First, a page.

Sudan/Darfur: abandoned villages burned
This is a summary of what was said by UNHCR spokesperson Jennifer Pagonis – to whom quoted text may be attributed – at today's press briefing at the Palais des Nations in Geneva.
UNHCR is alarmed by the fact that abandoned villages in West Darfur are once again being burned to discourage the people who once lived there from returning home. At the end of last week, a resident of Seraf Village (12 km south of Masteri, which itself is 50 km south of El Geneina, capital of West Darfur) took our staff inspect the village, which he said had been burned the previous Monday (April 18).
This man told us the 200 families of Seraf had fled attacks by Janjaweed militias a year ago. Then on Monday last week, they saw smoke and feared their village was being burned. All that remains now are broken grain storage jars and blackened mud-brick shells of houses, the thatching having turned to ashes.
This gratuitous act is clearly a message to the former residents not to return home. We are concerned because acts like this - on top of the displacement of some 2 million people from their homes - threaten to change the social and demographic structure of Darfur irrevocably.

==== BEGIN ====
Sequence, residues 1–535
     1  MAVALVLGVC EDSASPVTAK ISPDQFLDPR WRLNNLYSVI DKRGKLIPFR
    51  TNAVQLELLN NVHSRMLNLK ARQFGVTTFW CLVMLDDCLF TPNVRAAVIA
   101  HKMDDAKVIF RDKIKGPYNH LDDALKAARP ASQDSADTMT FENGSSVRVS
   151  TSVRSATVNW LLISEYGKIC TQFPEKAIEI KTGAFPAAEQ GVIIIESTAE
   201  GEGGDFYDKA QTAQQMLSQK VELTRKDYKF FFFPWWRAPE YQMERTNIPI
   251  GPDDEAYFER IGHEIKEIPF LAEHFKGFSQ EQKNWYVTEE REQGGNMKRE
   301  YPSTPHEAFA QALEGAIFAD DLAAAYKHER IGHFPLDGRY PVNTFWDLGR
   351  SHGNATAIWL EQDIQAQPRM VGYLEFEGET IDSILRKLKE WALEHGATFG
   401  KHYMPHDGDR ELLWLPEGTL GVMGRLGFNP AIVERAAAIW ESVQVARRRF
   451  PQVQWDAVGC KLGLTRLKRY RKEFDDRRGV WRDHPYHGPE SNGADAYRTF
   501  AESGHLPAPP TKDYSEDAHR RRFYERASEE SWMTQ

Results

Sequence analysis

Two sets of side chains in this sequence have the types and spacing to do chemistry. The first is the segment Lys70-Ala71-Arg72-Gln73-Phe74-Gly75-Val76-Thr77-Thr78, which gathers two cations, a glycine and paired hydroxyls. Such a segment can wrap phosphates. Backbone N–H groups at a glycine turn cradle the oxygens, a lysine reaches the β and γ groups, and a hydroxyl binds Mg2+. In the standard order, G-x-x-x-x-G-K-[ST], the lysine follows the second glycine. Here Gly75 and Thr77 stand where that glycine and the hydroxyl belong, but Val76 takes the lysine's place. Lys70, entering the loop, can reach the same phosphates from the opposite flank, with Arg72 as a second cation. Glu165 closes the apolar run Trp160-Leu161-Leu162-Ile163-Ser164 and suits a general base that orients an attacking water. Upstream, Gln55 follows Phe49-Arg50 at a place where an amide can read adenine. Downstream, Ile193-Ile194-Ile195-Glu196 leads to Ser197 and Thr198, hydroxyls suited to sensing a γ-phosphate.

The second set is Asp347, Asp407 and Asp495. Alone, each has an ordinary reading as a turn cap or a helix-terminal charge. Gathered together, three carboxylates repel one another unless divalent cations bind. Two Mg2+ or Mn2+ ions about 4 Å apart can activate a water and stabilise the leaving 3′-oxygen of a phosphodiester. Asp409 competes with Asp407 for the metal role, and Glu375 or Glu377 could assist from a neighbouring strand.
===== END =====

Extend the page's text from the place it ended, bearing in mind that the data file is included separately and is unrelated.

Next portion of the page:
Actions like these also demonstrate the value of UNHCR's mobile protection teams, which have conducted more than 100 missions within West Darfur to find and arrange protection for the most vulnerable people, especially women who have been raped.
Last year, during Ramadan from October to November, some 55 abandoned villages were burned around Masteri, an agglomeration of nearly 100 villages. Now the burning of villages seems to have resumed.
This development comes as some 20,000 people have already taken the brave step of going back to their villages in Darfur from their refuge in Chad and from larger towns and villages within Darfur. We are working to improve life for those who do choose to go home to selected areas, although we do not want to send the signal that it is now safe for all Darfuris to return home.